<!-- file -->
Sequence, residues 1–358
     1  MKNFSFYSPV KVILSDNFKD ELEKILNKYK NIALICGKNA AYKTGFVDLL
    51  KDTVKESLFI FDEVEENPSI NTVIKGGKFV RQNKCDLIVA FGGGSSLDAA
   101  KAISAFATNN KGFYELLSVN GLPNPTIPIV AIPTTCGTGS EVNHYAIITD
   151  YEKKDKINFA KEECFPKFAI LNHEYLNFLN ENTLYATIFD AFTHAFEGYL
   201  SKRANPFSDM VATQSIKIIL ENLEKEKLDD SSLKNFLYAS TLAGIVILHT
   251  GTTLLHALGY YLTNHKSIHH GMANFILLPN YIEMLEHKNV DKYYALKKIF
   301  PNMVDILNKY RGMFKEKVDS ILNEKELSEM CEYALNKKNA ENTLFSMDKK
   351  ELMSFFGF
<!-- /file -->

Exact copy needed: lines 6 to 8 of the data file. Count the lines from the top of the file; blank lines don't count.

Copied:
   201  SKRANPFSDM VATQSIKIIL ENLEKEKLDD SSLKNFLYAS TLAGIVILHT
   251  GTTLLHALGY YLTNHKSIHH GMANFILLPN YIEMLEHKNV DKYYALKKIF
   301  PNMVDILNKY RGMFKEKVDS ILNEKELSEM CEYALNKKNA ENTLFSMDKK